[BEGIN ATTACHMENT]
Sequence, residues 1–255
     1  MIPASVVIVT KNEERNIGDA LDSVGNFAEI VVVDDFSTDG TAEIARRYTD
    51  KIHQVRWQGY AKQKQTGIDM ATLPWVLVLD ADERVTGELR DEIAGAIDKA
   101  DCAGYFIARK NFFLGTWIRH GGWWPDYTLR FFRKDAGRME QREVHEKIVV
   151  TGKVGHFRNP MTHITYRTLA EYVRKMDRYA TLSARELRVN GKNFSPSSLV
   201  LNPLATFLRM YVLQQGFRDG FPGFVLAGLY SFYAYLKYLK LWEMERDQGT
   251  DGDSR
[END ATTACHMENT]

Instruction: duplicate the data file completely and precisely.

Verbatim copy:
Sequence, residues 1–255
     1  MIPASVVIVT KNEERNIGDA LDSVGNFAEI VVVDDFSTDG TAEIARRYTD
    51  KIHQVRWQGY AKQKQTGIDM ATLPWVLVLD ADERVTGELR DEIAGAIDKA
   101  DCAGYFIARK NFFLGTWIRH GGWWPDYTLR FFRKDAGRME QREVHEKIVV
   151  TGKVGHFRNP MTHITYRTLA EYVRKMDRYA TLSARELRVN GKNFSPSSLV
   201  LNPLATFLRM YVLQQGFRDG FPGFVLAGLY SFYAYLKYLK LWEMERDQGT
   251  DGDSR